New Symantec Execs To Streamline Departments

The company appointed Enrique Salem as the new chief operating officer and Gregory Hughes as an interim chief strategy officer.

Overall, Symantec executives argue that the addition of new chiefs and other significant restructuring will ultimately help streamline operations, drive business synergies and restore competitive margins. Specifically, they assert that Symantec is reverting to an operating model similar to that which was in place pre-Veritas, and which was significantly restructured with the acquisition of the storage company in 2005.

"We put in place a post-Veritas a business unit model, candidly optimizing strategy at the business level, not necessarily at the company level," said John Thompson, Symantec chief executive officer. "It became more apparent to me that we needed a different optimization point. We're moving back to an operating model similar to pre-Veritas, where there was a chief operating officer."

"I think this will produce better results long term," Thompson added.

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That model begins with getting on the same page. For starters, the new officers hope to realign company priorities -- maintaining that the reorganization will open new communication channels that will allow them to do so.

Salem said that in the short term, he hopes to impose a "common set of metrics as an executive team," planning to consistently review the top two or three goals daily. Salem also plans to initiate a two-fold effort to aggressively measure customer satisfaction while simultaneously monitoring the company from a market share perspective.

"We have an opportunity to have a common set of priorities," said Salem. "We can hopefully drive a lot faster and crisper execution by just making sure the company is aligned around a clear set of business priorities."

Furthering the company's goal to streamline its resources are plans to integrate multiple business services, which include consulting, asset and managed security services, and education, into the company's IT department headed by J. David Thompson. Executives maintain that this integrated, umbrella-approach will ultimately allow the company to optimize investments in IT-related services, for both internal and external use.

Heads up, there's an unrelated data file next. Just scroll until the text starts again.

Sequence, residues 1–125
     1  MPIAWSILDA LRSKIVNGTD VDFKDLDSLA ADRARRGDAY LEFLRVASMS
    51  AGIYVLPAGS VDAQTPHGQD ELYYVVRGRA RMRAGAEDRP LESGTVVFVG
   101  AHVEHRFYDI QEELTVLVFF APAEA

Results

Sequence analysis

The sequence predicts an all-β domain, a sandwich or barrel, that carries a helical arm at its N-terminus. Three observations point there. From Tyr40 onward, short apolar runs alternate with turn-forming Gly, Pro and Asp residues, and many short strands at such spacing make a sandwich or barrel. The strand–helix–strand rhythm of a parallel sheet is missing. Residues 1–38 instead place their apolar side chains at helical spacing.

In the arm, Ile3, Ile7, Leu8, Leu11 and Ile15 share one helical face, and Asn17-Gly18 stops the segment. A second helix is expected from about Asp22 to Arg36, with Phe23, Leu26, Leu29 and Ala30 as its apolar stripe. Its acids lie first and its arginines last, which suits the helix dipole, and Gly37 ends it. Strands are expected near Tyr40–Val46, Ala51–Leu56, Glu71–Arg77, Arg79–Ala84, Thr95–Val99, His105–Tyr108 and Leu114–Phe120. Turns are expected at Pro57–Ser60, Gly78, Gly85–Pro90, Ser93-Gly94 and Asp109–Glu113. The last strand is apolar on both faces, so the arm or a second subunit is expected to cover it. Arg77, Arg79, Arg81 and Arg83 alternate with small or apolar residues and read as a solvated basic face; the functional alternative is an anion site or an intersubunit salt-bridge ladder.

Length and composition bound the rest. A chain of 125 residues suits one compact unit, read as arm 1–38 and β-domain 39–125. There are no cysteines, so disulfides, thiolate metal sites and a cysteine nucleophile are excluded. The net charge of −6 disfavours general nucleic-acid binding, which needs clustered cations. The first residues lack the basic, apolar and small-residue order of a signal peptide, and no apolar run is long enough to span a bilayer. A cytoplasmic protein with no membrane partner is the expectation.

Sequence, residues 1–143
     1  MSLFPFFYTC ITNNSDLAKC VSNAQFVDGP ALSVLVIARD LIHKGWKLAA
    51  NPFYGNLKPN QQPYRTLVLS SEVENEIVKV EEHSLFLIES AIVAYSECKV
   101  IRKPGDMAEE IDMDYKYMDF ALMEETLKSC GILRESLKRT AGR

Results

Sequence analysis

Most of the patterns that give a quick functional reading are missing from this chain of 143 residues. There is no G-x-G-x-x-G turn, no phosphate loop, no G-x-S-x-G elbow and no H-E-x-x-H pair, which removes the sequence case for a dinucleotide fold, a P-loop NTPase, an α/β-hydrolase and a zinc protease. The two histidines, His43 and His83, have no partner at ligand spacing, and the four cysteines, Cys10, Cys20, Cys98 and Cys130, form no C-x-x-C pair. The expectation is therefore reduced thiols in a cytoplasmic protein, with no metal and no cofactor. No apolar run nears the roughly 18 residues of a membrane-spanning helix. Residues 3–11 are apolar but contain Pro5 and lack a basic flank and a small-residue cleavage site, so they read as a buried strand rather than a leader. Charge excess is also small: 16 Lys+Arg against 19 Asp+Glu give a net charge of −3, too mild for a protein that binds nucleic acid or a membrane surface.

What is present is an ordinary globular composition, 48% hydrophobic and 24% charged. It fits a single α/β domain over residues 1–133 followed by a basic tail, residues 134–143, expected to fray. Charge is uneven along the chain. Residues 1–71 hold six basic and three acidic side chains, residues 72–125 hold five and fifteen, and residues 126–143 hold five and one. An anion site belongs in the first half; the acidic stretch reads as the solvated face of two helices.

"It would be economically more viable to leverage everything in one room instead of having two separate teams," said Thompson, adding, "This is not a unique move but it's certainly new to the Symantec operation."

Executives denied that the job shifts and reorganization are a precursor to future acquisitions, arguing instead that they will enable specific departments to focus on their own core strengths in the field, which, they said, will better serve both customers and channel partners.

Yet, despite rosy outlooks, Symantec is still reeling from a year riddled with instability. The downward spiral began when the company combined IT infrastructure in a $10.25 billion deal for storage giant Veritas in July 2005. The merger was followed closely by plummeting stocks and subsequent cost cutting measures, which included a 5 percent layoff of its global personnel in March and layoffs of other channel executives fourth quarter 2007.

However, at least one Symantec partner remains optimistic about the wave of internal restructuring within the company, noting that it has recovered from significant changes throughout 2007.

"Overall, I think they've been really trying to do the right thing, but as they grow they experience growing pains," said David Sockol, chief executive officer of Emagined Security, based in Santa Clara, Calif. "I think that whenever you take two massive organizations and put them together, you have to go through a cleanup, so of course it's going to hurt for five minutes but in the long term its probably going to be the right move."

Symantec executives fell short of openly stating that the company would experience more internal restructuring in the upcoming year, although Salem asserted that "There's a lot of value having people sitting in different chairs. It gives you a lot of perspective."

Thompson also echoed that job rotation within a company was common and often essential to growth. "I think the best run companies in the world make sure that their leaders have a variety of experiences so they can be effective when they reach their ultimate potential," he said. "You don't want change just for the sake of change."